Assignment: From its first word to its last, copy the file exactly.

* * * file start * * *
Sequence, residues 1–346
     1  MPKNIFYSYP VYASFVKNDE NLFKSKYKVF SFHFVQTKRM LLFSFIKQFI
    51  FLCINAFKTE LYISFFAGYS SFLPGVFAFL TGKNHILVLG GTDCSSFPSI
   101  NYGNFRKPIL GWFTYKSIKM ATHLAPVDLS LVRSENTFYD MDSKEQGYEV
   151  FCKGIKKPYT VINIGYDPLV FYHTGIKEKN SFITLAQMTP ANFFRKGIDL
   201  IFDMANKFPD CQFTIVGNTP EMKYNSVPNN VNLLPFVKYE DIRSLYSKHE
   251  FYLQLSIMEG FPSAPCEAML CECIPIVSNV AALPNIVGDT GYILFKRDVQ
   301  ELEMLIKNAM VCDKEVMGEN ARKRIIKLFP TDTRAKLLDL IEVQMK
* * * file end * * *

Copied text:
Sequence, residues 1–346
     1  MPKNIFYSYP VYASFVKNDE NLFKSKYKVF SFHFVQTKRM LLFSFIKQFI
    51  FLCINAFKTE LYISFFAGYS SFLPGVFAFL TGKNHILVLG GTDCSSFPSI
   101  NYGNFRKPIL GWFTYKSIKM ATHLAPVDLS LVRSENTFYD MDSKEQGYEV
   151  FCKGIKKPYT VINIGYDPLV FYHTGIKEKN SFITLAQMTP ANFFRKGIDL
   201  IFDMANKFPD CQFTIVGNTP EMKYNSVPNN VNLLPFVKYE DIRSLYSKHE
   251  FYLQLSIMEG FPSAPCEAML CECIPIVSNV AALPNIVGDT GYILFKRDVQ
   301  ELEMLIKNAM VCDKEVMGEN ARKRIIKLFP TDTRAKLLDL IEVQMK